Adriana LaGrange sat down with the ATA News for a frank discussion of her assessment of education in Alberta and her plans for the portfolio going forward.
||Education Minister Adriana LaGrange says she is committed to funding education but is also interested in exploring funding can be better targeted.
Could you briefly describe your educational background and your career prior to 2019, when you were elected to office?
I’m trained as a rehabilitative practitioner working with the mentally and physically challenged, and I worked in the field on and off while I was raising my seven children. My husband and I also own and operate the family farm. I was also a trustee with Red Deer Catholic School Division for 11 years, and for the last of those three years I was president of the Alberta Catholic School Trustees Association and also vice-president of the Canadian Catholic School Trustees Association.
We have a long history of education excellence that I’ll be striving to improve. We’re world renowned and people see us as a leader in education and innovation.
What do you see as the big priorities and the big challenges in Alberta education over the next few years?
The priorities are being able to deliver the absolute best education possible for each and every student, given that there’s great diversity in our students’ needs and a growing population in K–12.
What do you think is working well in the public education system and where do you see room for improvements?
We have a long, proud history of 170 years of education in Alberta, with the ATA being in existence for over 100 years. So the structure, the foundation is very, very solid. We have a long history of education excellence that I’ll be striving to improve. We’re world renowned and people see us as a leader in education and innovation.
But I think there’s always room to get better, given that we have a changing demographic with a large number of English language learners that we need to engage with and provide services for. There’s also the curriculum development part that we can get moving in the right direction. It does need a critical update — I’ve been able to take the pause off and I’m excited to bring that forward, and to develop the plan on how all of the subsequent pieces will roll out.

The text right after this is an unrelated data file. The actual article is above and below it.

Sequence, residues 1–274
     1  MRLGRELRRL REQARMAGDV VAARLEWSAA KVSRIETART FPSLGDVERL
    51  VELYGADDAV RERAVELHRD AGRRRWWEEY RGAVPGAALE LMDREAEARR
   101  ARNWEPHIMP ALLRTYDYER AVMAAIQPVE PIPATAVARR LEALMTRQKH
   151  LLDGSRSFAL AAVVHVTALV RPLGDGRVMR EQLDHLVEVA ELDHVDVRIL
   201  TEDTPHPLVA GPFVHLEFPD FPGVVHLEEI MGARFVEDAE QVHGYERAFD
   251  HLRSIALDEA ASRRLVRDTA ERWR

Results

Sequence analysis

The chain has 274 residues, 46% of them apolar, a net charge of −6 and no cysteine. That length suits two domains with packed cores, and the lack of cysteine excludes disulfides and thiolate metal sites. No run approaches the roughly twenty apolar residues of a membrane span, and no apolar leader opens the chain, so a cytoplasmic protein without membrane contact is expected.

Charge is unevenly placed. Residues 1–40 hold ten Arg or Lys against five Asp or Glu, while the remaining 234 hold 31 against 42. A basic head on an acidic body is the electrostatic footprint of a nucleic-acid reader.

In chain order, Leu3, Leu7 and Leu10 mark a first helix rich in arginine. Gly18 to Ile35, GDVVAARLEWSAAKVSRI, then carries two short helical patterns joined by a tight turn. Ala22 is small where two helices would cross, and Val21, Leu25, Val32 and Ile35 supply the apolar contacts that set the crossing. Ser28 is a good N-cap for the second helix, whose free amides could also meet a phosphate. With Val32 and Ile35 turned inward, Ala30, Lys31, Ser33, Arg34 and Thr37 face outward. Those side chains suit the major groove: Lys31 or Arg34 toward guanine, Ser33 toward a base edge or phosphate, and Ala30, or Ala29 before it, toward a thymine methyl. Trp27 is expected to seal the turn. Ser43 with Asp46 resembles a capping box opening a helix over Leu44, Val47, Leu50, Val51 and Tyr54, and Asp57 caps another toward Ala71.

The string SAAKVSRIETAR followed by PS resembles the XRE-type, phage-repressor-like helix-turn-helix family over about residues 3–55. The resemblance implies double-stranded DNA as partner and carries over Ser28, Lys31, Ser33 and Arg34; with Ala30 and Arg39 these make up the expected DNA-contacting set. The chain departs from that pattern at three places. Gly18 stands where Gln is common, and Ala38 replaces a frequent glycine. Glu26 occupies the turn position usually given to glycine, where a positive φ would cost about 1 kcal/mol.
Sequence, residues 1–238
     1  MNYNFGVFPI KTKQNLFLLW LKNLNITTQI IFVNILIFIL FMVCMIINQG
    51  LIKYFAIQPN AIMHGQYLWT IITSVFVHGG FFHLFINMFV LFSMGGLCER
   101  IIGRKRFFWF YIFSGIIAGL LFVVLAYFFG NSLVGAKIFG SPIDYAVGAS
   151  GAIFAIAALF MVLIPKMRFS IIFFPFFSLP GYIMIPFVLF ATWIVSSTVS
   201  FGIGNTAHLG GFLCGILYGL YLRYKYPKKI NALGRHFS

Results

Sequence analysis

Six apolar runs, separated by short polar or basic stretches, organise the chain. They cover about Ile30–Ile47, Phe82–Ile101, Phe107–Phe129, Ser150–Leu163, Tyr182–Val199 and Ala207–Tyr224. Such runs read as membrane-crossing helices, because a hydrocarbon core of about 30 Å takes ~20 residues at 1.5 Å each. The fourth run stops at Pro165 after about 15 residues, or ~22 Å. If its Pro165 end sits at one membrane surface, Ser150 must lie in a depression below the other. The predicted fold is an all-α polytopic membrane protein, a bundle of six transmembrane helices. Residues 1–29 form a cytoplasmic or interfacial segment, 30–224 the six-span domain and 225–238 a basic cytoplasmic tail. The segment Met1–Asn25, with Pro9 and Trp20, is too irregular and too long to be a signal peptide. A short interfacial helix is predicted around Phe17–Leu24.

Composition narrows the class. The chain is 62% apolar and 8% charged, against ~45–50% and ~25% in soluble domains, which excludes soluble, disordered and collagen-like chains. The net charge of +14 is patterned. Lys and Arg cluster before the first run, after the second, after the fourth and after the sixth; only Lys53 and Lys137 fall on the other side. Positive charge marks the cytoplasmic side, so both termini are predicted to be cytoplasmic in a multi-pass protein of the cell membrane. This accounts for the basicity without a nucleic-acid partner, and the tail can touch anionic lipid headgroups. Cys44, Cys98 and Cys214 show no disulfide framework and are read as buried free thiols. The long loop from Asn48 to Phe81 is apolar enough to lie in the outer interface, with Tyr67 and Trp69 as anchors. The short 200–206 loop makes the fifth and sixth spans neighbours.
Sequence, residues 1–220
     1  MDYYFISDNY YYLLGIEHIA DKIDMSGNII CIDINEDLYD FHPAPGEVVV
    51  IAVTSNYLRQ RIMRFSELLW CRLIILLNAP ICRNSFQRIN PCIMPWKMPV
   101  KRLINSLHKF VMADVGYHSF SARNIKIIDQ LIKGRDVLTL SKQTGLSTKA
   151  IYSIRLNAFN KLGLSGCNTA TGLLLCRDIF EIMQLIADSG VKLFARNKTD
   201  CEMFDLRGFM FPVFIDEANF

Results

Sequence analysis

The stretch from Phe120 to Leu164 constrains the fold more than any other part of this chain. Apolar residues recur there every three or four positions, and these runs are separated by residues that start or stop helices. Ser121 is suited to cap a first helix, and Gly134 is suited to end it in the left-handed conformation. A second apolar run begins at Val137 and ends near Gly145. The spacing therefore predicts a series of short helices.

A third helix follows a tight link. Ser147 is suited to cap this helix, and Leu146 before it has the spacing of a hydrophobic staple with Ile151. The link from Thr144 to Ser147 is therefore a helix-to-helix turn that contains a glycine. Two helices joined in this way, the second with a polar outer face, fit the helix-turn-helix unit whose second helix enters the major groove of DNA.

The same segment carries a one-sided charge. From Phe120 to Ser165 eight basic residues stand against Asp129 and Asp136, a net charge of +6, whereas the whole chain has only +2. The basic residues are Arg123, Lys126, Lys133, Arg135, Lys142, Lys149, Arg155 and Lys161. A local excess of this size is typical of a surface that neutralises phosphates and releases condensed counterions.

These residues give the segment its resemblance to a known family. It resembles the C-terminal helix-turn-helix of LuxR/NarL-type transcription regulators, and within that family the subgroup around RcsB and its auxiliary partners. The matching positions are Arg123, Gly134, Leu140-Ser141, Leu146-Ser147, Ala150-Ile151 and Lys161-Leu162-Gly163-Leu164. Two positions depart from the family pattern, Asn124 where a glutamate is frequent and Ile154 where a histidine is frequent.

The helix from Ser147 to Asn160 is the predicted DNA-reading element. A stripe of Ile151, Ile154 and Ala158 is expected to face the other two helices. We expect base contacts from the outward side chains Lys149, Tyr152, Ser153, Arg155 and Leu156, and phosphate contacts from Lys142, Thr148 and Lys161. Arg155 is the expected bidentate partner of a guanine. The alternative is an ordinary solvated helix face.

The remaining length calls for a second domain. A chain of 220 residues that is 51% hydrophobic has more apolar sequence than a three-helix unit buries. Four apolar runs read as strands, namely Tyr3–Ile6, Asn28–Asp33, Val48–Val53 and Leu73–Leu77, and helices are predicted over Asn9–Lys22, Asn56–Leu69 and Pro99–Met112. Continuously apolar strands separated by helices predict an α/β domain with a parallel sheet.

We have the K–4 [curriculum] currently, but we need to continue the good work that the 350 plus teachers from the curriculum working group have been doing to develop the middle and high school programming. Once I hear back from my curriculum advisory panel, if there’s any enhancements to be made in the K-4, we’ll be looking at that as well. We’ve also got the ministerial order in learning that I’m looking forward to having an update provided to me that I can then take out for engagement to the general public.
There’s the funding review that I’ve currently engaged my department in, to ensure that the funding that we do have is meeting the needs of our system and if it’s not, maybe we can redirect funding to meet those needs.
With a budget to be tabled in one month, what can teachers expect to see in terms of priorities for funding education?
This government has committed to prioritizing education and we as a government really value education as an investment in our future and in our young people, as they are the future of Alberta. We’re going to continue to fund education and to build schools and the necessary infrastructure that’s needed to meet the needs of our students.
Class size and supports for inclusion are among the top concerns for teachers. How do you plan to address these issues?
I’m just getting a report on the class size audit. We’ve spent $3.3 billion over the last decade and have marginally moved the needle, if at all in some areas. And I do understand the aspect of classroom composition being an influencing factor as well. Beyond that, I do believe in having a funding review and looking at the possibilities of the way that we target our funding. We’re engaging all of our partners in that conversation on how the funding is being rolled out and is it meeting the needs. And if it isn’t meeting the needs, how can we redirect that funding so that we can meet the needs. Are there possibilities for wraparound services? So having conversations with other ministries as well.
Also, can we look at early intervention strategies that may be more effective if we front-end funding to the early years? But those are all conversations and possibilities that I’m hoping I will hear more of when we have the report back from the funding review group.
Is there anything else you would like to share with teachers and other readers of the ATA News?
I’ve been able to travel the province and I’ve been so pleased by how positive everything has been. I’ve been able to engage with school boards and parents and teachers and ATA local executive members. I’m very appreciative of the tremendous and positive work going on in education right across this province. I believe in having all the partners work together for the common good of improving student learning, and helping some of our most vulnerable succeed in life. I want to thank each and every teacher, administrator and other staff that sets children at the heart of everything that they do. I wish everyone the absolute best school year possible. ❚